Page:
[This article appears in our August 2017 issue of ETF Report.]
“Welcome to Lake Wobegon, where all the women are strong, all the men are good-looking and all the children are above average.” For decades, Garrison Keillor introduced the news from Lake Wobegon on “A Prairie Home Companion” with those words. We all chuckle when we hear them, mostly because they ring so true. After all, have you ever met a parent who described their kids as “below average?”
This is, in the end, the ultimate reason active investing is never going to go the way of the dodo. I know this from personal experience—I used to run an active mutual fund back during the dot-com boom. I like to tell the joke that “I was an active manager, but I got better.”
The pull to at least try to outperform is real. We all know the math, of course. As a class, investor experience must equal the performance of the market-cap-weighted benchmark of a given investment universe minus expenses. It’s a message that index proponents have been preaching for decades, and it’s taken hold of the investor zeitgeist, resulting in a near-trillion-dollar shift from active to passive since the financial crisis.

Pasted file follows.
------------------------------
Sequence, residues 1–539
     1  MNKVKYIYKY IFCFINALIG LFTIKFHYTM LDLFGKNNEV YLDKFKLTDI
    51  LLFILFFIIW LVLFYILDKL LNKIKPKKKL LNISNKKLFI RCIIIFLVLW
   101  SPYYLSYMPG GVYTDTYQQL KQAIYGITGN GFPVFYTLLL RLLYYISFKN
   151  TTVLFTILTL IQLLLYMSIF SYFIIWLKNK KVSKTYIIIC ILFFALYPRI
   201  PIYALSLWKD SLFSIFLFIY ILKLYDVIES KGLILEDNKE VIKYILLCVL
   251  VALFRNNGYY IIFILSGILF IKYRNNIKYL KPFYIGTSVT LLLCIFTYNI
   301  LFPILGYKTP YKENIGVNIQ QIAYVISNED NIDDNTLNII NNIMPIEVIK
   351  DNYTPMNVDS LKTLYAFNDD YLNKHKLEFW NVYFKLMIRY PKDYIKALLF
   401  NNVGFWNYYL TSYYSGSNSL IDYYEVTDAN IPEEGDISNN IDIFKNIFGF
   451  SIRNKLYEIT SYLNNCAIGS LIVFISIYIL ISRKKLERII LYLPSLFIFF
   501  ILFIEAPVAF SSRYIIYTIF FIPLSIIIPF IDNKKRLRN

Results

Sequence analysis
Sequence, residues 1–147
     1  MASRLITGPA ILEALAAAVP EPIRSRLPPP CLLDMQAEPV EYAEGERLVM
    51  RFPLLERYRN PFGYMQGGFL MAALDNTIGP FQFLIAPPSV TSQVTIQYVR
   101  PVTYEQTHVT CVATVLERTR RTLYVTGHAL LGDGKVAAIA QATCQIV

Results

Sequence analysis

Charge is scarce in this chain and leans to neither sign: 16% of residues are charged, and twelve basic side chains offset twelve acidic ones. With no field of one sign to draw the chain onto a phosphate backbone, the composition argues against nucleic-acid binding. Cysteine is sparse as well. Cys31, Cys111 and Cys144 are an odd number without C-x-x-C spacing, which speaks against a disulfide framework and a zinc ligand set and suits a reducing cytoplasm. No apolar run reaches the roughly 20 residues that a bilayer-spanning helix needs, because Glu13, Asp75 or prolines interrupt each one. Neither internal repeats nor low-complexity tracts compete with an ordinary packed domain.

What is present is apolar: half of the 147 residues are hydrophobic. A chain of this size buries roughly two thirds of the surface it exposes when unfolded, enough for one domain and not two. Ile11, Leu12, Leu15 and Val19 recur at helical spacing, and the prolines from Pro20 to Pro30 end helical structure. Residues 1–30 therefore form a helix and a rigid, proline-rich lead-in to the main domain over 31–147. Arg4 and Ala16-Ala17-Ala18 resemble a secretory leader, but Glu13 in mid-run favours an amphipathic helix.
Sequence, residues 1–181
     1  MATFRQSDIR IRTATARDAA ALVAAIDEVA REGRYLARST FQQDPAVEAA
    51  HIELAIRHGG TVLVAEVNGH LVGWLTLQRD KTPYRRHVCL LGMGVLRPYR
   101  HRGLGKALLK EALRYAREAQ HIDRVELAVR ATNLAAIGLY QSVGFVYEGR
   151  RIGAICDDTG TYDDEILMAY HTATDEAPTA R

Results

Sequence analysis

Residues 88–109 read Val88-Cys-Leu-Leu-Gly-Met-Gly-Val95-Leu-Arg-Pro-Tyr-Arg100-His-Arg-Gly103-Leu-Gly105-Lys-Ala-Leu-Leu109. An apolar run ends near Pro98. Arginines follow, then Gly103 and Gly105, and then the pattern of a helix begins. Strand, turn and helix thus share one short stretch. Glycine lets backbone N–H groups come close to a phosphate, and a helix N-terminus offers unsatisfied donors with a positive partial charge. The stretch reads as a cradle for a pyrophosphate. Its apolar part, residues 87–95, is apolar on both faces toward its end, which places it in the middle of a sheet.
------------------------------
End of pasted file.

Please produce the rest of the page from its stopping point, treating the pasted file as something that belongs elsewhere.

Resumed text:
But active management is alive and well, and will continue to be, because there’s a huge part of the population that has a hard time settling for average. On paper, we invest just for returns. In reality, we also invest for psychological reasons.
Buying a lottery ticket is always a poor financial decision, but then again, so is going on vacation or buying a novel. Investors make imperfect, and occasionally noneconomic, decisions all the time. It doesn’t make them wrong—except in the strictest mathematical sense.
More to the point, I don’t know a single investor who actually holds the market portfolio of all available securities. I know that I don’t. Instead, even the most passive investor makes decisions about, e.g., what percentage to have in stocks or bonds, how much international exposure to have and whether to include commodities and real estate.